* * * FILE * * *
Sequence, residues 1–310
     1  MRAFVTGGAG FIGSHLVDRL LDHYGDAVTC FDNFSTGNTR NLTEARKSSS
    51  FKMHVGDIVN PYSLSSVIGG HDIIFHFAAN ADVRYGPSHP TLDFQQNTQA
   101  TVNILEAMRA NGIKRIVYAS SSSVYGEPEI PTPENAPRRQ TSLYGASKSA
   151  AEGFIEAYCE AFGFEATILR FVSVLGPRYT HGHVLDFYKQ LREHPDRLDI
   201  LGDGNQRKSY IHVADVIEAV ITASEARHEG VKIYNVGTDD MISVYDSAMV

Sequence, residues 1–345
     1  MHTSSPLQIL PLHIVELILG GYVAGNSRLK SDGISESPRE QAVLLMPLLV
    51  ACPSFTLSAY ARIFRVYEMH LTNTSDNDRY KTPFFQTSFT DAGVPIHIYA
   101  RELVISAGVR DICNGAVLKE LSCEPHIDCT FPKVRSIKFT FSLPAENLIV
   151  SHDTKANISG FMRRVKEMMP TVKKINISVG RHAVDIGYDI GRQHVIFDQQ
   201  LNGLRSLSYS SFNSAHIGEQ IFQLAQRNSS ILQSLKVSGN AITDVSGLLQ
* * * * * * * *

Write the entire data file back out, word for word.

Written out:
Sequence, residues 1–310
     1  MRAFVTGGAG FIGSHLVDRL LDHYGDAVTC FDNFSTGNTR NLTEARKSSS
    51  FKMHVGDIVN PYSLSSVIGG HDIIFHFAAN ADVRYGPSHP TLDFQQNTQA
   101  TVNILEAMRA NGIKRIVYAS SSSVYGEPEI PTPENAPRRQ TSLYGASKSA
   151  AEGFIEAYCE AFGFEATILR FVSVLGPRYT HGHVLDFYKQ LREHPDRLDI
   201  LGDGNQRKSY IHVADVIEAV ITASEARHEG VKIYNVGTDD MISVYDSAMV

Sequence, residues 1–345
     1  MHTSSPLQIL PLHIVELILG GYVAGNSRLK SDGISESPRE QAVLLMPLLV
    51  ACPSFTLSAY ARIFRVYEMH LTNTSDNDRY KTPFFQTSFT DAGVPIHIYA
   101  RELVISAGVR DICNGAVLKE LSCEPHIDCT FPKVRSIKFT FSLPAENLIV
   151  SHDTKANISG FMRRVKEMMP TVKKINISVG RHAVDIGYDI GRQHVIFDQQ
   201  LNGLRSLSYS SFNSAHIGEQ IFQLAQRNSS ILQSLKVSGN AITDVSGLLQ